February 15, 2017

U.S. students’ academic achievement still lags that of their peers in many other countries

How do U.S. students compare with their peers around the world? Recently released data from international math and science assessments indicate that U.S. students continue to rank around the middle of the pack, and behind many other advanced industrial nations.

One of the biggest cross-national tests is the Programme for International Student Assessment (PISA), which every three years measures reading ability, math and science literacy and other key skills among 15-year-olds in dozens of developed and developing countries. The most recent PISA results, from 2015, placed the U.S. an unimpressive 38th out of 71 countries in math and 24th in science. Among the 35 members of the Organization for Economic Cooperation and Development, which sponsors the PISA initiative, the U.S. ranked 30th in math and 19th in science.

Younger American students fare somewhat better on a similar cross-national assessment, the Trends in International Mathematics and Science Study. That study, known as TIMSS, has tested students in grades four and eight every four years since 1995. In the most recent tests, from 2015, 10 countries (out of 48 total) had statistically higher average fourth-grade math scores than the U.S., while seven countries had higher average science scores. In the eighth-grade tests, seven out of 37 countries had statistically higher average math scores than the U.S., and seven had higher science scores.

Another long-running testing effort is the National Assessment of Educational Progress, a project of the federal Education Department. In the most recent NAEP results, from 2015, average math scores for fourth- and eighth-graders fell for the first time since 1990. A team from Rutgers University is analyzing the NAEP data to try to identify the reasons for the drop in math scores.

The average fourth-grade NAEP math score in 2015 was 240 (on a scale of 0 to 500), the same level as in 2009 and down from 242 in 2013. The average eighth-grade score was 282 in 2015, compared with 285 in 2013; that score was the lowest since 2007. (The NAEP has only tested 12th-graders in math four times since 2005; their 2015 average score of 152 on a 0-to-300 scale was one point lower than in 2013 and 2009.)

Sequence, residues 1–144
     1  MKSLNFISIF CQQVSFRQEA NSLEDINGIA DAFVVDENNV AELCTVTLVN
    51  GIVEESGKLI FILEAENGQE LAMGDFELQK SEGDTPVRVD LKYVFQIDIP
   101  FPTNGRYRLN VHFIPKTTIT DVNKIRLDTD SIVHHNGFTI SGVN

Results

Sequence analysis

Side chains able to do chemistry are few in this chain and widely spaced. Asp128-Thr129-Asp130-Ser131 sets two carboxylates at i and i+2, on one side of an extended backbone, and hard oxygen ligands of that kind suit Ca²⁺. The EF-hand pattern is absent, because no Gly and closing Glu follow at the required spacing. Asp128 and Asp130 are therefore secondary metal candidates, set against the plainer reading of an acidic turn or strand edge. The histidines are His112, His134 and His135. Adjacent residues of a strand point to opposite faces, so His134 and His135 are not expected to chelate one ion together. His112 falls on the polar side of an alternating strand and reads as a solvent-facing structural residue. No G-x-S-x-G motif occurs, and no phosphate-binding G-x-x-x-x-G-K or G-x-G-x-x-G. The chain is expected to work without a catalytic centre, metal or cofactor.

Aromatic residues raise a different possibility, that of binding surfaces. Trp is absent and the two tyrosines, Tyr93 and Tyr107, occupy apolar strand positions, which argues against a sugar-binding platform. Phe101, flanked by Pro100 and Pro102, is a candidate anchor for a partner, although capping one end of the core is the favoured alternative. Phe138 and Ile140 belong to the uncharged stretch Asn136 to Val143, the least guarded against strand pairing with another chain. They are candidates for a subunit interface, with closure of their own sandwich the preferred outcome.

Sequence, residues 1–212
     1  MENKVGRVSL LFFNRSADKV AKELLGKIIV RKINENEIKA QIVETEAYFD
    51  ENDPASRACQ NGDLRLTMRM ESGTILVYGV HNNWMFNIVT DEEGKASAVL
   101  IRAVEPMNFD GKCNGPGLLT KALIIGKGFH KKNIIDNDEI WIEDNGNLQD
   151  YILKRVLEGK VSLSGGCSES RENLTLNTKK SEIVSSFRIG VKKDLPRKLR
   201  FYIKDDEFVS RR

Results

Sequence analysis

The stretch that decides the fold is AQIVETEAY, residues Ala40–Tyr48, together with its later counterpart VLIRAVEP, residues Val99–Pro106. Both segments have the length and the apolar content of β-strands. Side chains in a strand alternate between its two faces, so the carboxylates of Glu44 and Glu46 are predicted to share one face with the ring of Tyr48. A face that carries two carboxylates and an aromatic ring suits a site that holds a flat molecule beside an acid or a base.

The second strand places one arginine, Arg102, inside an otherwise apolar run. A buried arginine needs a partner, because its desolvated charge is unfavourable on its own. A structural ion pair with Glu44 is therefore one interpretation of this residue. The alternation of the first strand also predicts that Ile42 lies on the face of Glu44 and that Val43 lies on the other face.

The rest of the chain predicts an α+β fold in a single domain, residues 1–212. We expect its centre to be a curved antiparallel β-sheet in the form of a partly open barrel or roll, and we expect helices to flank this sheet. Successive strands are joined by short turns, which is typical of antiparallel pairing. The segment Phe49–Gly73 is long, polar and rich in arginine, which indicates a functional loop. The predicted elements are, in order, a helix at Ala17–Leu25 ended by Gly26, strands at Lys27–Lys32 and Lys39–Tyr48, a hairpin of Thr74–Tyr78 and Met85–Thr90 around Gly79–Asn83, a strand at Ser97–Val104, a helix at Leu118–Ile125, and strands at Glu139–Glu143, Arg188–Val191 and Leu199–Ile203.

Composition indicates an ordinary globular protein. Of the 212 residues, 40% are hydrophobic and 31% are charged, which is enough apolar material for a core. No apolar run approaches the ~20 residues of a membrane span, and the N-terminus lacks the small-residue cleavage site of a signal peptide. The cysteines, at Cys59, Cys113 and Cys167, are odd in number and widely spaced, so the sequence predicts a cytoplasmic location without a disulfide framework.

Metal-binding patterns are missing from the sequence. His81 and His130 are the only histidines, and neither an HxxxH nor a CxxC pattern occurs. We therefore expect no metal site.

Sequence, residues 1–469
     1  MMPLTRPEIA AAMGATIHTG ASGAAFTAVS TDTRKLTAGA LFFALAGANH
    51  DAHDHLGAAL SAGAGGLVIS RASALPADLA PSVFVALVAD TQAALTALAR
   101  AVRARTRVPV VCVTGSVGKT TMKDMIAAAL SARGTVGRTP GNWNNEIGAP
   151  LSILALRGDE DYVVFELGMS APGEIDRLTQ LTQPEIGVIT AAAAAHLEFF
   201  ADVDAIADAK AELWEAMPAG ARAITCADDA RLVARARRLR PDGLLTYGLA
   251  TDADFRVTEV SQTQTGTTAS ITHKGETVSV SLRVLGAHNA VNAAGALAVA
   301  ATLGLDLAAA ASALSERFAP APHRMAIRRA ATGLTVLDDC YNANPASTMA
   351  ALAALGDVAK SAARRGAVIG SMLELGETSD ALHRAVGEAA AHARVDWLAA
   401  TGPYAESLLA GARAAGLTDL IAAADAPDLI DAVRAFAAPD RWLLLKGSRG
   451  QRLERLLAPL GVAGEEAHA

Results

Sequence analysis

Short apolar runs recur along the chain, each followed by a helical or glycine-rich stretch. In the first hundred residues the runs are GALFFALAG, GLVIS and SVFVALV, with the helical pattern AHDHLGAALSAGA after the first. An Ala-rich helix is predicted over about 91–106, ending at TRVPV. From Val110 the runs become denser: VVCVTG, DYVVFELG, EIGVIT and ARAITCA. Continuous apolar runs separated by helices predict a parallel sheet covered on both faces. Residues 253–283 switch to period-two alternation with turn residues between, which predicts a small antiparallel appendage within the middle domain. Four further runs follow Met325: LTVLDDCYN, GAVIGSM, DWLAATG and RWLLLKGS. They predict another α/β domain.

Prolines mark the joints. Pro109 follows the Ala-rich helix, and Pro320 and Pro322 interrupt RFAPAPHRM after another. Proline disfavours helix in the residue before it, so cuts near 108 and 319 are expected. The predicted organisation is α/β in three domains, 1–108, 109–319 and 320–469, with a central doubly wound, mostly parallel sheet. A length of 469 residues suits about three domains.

Looked at another way, the 2015 NAEP rated 40% of fourth-graders, 33% of eighth-graders and 25% of 12th-graders as “proficient” or “advanced” in math. While far fewer fourth- and eighth-graders now rate at “below basic,” the lowest performance level (18% and 29%, respectively, versus 50% and 48% in 1990), improvement in the top levels appears to have stalled out. (Among 12th-graders, 38% scored at the lowest performance level in math, a point lower than in 2005.)

NAEP also tests U.S. students on science, though not as regularly, and the limited results available indicate some improvement. Between 2009 and 2015, the average scores of both fourth- and eight-graders improved from 150 to 154 (on a 0-to-300 scale), although for 12th-graders the average score remained at 150. In 2015, 38% of fourth-graders, 34% of eighth-graders and 22% of 12th-graders were rated proficient or better in science; 24% of fourth-graders, 32% of eighth-graders and 40% of 12th-graders were rated “below basic.”

These results likely won’t surprise too many people. In a 2015 Pew Research Center report, only 29% of Americans rated their country’s K-12 education in science, technology, engineering and mathematics (known as STEM) as above average or the best in the world. Scientists were even more critical: A companion survey of members of the American Association for the Advancement of Science found that just 16% called U.S. K-12 STEM education the best or above average; 46%, in contrast, said K-12 STEM in the U.S. was below average.

Note: This is an update of a post originally published Feb. 2, 2015. It has been updated to include more recent data.

Topics: Education, Educational Attainment, Science and Innovation

  1. Photo of Drew DeSilver

    is a senior writer at Pew Research Center.